Slave Jail Exhibit at National Underground Railroad Freedom Center
Cincinnati Freedom Center Features Stirring Exhibits
by Robb Hoff
I can remember the profound sense of eery solemnity that coursed through me the first time I entered the "Slave Jail" that is now the centerpiece exhibit of the National Underground Railroad Freedom Center in Cincinnati. It was the same kind of visceral experience as entering the Anne Frank House in Amsterdam. The evil that humans can wreak on this world was palpable in both structures to the extent that these places were like portals opening up the mind to another dimension where the full depth of sorrow and inhumanity becomes unforgettably intertwined.
My encounter with the Slave Jail at the Freedom Center is different from most who experience it in its reconstructed museum state. I was among a small group who were actively involved at the original site of the structure before it was plucked from the Mason County section of Germantown and reassembled at its riverfront Cincinnati home between Great American Ballpark where the Cincinnati Reds play and Paul Brown Stadium that is home of the Cincinnati Bengals.
For a time back in early 2000, it looked like there might be enough opposition to moving the Slave Jail from the site -- where it was enclosed within a barn structure in the middle of a clover field -- to keep the structure in situ. i even had called then publisher of the Cincinnati Enquirer Harry Whipple during that time to inform him that I had recorded the farm owner of the property stating that he was paid $250,000 for the structure at a time when the public claim was that the it was an in-kind donation.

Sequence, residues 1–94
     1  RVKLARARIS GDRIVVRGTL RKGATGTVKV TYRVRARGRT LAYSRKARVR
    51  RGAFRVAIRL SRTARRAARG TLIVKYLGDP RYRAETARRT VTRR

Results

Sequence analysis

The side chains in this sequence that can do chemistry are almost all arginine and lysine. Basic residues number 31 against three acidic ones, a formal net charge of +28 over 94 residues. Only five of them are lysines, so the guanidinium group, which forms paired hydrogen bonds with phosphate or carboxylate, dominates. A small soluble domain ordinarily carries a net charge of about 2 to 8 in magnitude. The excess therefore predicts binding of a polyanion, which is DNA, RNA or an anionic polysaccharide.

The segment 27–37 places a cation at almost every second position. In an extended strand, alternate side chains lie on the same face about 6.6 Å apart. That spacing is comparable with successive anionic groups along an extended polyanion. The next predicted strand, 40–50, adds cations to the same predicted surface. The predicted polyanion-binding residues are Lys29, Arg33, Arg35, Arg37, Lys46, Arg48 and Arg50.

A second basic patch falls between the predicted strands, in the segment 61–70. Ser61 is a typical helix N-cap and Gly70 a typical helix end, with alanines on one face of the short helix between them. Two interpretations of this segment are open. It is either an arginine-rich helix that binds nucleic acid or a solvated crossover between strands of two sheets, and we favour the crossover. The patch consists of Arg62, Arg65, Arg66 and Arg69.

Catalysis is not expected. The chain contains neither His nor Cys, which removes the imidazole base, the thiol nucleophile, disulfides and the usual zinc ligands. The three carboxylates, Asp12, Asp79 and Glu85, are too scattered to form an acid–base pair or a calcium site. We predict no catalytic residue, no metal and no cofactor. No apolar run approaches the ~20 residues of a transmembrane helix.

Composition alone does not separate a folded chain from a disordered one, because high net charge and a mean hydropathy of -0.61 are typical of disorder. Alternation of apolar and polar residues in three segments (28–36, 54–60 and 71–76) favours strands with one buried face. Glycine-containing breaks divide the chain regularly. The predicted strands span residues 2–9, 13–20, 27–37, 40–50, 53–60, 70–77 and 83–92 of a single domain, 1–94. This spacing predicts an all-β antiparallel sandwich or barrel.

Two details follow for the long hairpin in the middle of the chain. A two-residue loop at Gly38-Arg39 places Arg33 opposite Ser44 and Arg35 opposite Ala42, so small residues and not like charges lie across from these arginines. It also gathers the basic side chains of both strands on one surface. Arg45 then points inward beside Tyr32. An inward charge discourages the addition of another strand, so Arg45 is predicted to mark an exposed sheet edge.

But after the Kentucky Attorney General's Office decided not to block the structure's relocation on the basis of federal antiquities preservation laws, the inevitable followed and the slave jail was moved to become a key component of the Freedom Center.
In retrospect, it was a good thing for the structure to be removed and relocated where it would actually be experienced by millions of visitors. Had it remained in the tobacco barn that it enclosed it, the remnants of the structure would have undoubtedly been lost forever at some point.
I never thought that the reconstruction of the Slave Jail could approximate what the original site experience had to offer and it quite frankly did not, any more than if the Freedom Center had been able to relocate the Rankin House and the John P. Parker House in Ripley, Ohio or the Colonel Charles Young Birthplace cabin in Mason County, Kentucky at Mayslick.
But to the credit of the Freedom Center and the vision behind its purpose in such a prominent place on the Cincinnati riverfront, I have to say that the museum has ensured the survival of the Slave Jail and its emblematic significance in the story of the Underground Railroad and ultimately African-American History.